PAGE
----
Meeting the many challenges of child protection for tourism

child protection and tourism at WTM London

Many of the issues we discuss in responsible tourism are focussed on minimising and avoiding the negative impacts of tourism and maximising the positive impacts. Child protection is different and in some ways more complicated. We have been addressing the issue on panels at WTM Responsible Tourism events in London, Sao Paulo and Cape Town over the last three years. On November 5th 2014 at World Responsible Tourism Day this year we shall be debating this issue at the widest level yet.

The issue of child protection is multifaceted.  Paedophilia is what everyone thinks of when we talk about child protection and travel, and while it is a big, important issue it is only part of the challenge for the industry. We also need to consider the welfare of children travelling abroad with their families or alone; issues of child labour which arise around the industry and may include the children of families who offer accommodation in the formal or informal sectors; the safety of young people gap-yearing abroad; and child beggars who are often organised and exploited by unscrupulous Fagins, sometimes lurking behind the seemingly benign front of orphanages, which can also be used to organise child trafficking and paedophilia.

On November 5th we’ll be addressing at all these issues, and debating the motion: “This House believes that the tourism industry could do a good deal more to take responsibility for child protection and urges it to do so”. We’ll take a vote at the beginning and end of the session to see whether the discussion has changed any minds.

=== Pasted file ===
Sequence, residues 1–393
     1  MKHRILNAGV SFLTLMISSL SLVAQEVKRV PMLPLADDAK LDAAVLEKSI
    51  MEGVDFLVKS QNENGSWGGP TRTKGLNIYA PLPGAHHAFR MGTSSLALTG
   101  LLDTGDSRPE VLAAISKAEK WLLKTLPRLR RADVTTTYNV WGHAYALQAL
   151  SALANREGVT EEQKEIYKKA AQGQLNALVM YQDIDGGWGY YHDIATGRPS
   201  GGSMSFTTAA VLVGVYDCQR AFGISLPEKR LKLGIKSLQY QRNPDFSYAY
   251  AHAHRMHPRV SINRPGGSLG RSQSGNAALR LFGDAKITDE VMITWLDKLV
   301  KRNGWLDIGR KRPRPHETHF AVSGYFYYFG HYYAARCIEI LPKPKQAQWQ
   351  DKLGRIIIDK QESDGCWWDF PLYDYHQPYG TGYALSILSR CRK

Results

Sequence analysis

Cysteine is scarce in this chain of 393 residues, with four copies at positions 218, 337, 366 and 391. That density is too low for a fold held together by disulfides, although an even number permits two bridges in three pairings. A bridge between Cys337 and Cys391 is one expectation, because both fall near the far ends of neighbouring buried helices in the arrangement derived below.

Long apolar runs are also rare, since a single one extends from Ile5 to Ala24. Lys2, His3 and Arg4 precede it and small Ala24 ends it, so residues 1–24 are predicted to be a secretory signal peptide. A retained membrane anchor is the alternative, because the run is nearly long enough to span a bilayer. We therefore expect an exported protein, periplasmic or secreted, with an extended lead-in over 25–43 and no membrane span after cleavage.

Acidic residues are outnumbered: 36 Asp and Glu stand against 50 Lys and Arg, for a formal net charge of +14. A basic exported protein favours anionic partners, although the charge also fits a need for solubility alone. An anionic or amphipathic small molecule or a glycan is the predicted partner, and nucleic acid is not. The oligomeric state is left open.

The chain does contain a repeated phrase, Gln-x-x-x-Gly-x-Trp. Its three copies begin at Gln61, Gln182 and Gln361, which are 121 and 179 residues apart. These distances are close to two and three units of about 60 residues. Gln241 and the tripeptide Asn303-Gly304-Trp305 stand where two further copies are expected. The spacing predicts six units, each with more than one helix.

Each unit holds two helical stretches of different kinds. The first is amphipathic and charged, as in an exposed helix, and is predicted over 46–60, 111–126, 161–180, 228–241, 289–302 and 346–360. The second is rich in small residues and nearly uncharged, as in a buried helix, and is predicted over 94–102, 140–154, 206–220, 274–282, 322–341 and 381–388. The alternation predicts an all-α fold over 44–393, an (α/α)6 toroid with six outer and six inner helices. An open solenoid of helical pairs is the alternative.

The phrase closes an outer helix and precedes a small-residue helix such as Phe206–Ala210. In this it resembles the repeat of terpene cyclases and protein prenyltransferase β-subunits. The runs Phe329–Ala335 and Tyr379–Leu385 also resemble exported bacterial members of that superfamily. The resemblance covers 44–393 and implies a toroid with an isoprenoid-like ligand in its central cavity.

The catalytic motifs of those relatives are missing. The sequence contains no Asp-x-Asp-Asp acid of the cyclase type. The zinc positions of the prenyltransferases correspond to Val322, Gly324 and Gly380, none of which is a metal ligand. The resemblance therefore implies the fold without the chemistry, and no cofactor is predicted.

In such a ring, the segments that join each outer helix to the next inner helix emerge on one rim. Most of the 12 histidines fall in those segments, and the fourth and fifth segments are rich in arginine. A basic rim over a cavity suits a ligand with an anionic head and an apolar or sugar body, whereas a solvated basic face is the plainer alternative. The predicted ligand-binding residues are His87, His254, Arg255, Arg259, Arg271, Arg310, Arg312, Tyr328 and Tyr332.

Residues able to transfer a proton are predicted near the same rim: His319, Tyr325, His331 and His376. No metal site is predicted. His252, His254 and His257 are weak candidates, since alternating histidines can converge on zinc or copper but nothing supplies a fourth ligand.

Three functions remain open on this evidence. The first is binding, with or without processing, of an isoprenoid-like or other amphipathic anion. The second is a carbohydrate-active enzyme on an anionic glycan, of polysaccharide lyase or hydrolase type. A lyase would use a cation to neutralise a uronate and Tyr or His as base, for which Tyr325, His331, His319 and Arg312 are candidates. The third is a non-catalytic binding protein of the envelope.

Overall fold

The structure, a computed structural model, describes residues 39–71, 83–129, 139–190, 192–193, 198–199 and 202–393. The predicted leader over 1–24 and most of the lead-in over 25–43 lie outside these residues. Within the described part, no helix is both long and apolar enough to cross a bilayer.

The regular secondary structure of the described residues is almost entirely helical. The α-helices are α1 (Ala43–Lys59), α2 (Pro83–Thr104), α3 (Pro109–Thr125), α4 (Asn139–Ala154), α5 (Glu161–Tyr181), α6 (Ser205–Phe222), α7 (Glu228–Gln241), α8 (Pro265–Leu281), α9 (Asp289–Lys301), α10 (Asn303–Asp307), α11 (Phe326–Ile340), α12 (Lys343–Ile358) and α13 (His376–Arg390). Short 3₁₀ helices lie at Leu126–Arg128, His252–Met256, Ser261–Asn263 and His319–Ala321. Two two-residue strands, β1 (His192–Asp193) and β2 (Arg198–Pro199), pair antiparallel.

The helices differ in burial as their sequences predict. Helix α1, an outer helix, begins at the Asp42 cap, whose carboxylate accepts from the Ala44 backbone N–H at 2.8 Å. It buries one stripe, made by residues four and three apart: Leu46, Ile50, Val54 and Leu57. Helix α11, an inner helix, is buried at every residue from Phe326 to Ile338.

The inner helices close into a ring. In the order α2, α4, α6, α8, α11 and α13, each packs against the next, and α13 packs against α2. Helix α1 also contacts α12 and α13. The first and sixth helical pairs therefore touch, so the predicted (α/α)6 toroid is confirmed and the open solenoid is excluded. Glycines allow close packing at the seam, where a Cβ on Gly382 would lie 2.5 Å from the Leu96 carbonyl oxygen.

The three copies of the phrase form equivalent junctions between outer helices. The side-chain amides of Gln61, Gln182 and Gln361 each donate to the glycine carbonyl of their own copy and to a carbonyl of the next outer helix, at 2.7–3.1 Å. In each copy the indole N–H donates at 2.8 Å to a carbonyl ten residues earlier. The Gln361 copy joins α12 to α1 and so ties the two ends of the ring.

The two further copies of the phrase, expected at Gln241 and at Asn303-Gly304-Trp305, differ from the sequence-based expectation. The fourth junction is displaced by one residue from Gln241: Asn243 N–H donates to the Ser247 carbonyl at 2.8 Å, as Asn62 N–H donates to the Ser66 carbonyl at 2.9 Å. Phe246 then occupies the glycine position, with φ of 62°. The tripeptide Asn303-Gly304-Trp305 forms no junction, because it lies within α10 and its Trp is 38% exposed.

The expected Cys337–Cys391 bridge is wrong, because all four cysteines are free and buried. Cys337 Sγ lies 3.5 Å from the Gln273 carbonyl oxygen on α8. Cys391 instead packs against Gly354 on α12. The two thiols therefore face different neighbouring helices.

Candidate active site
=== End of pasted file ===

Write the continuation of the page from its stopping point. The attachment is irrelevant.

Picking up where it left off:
We are going to be discussing what the outbound industry can do to take responsibility for children neglected by the pool or abused by their parents whilst away from home. We’ll ask what advice should the industry give about child beggars and how to respond to them in the street. And we’ll question whether or not tourists should be visiting orphanages.

TUI’s Elise Allart receiving the award for overall winner at the World Responsible fromTourism Awards 2013.

And we will be addressing paedophilia, which the industry sometimes unwittingly facilitates. We’ll be asking Elise Allart of TUI Benelux about the campaign she headed working with the Dutch Border Police to encourage travellers to look out for and report child trafficking and the sexual exploitation of children.

It is a broad agenda for the travel and tourism industry and a particularly important one. You can follow some of the latest news on child protection and tourism on line at this dedicated Facebook page for Child Protection and Tourism

Harold is WTM’s Responsible Tourism Advisor, he puts together the flagship Responsible Tourism programme at WTM London which attracted 4000 participants in 2020 and the programmes run at WTM Africa, WTM Latin America and Arabian Travel Market. Harold has worked on 4 continents with local communities, their governments and the inbound and outbound tourism industry. He is Managing Director of the Responsible Tourism Partnership and chairs the panels of judges for the World Responsible Tourism Awards and the other Awards in the family, Africa, India and Latin America. Harold works with industry, local communities, governments, and conservationists and undertakes consultancy and evaluations for companies, NGOs, governments, and international organisations. He is also a Director of the Institute of Place Management at Manchester Metropolitan University, where he is an Emeritus Professor, and Founder Director of the International Centre for Responsible Tourism promotes the principles of the Cape Town Declaration which he drafted.


  1. Very glad to see that child protection is to be discussed at the forthcoming conference. It may be of note that I gave a paper on curbing child sex tourism at the 3rd International Travelers’ Philanthropy Conference, Costa Rica, in 2011.

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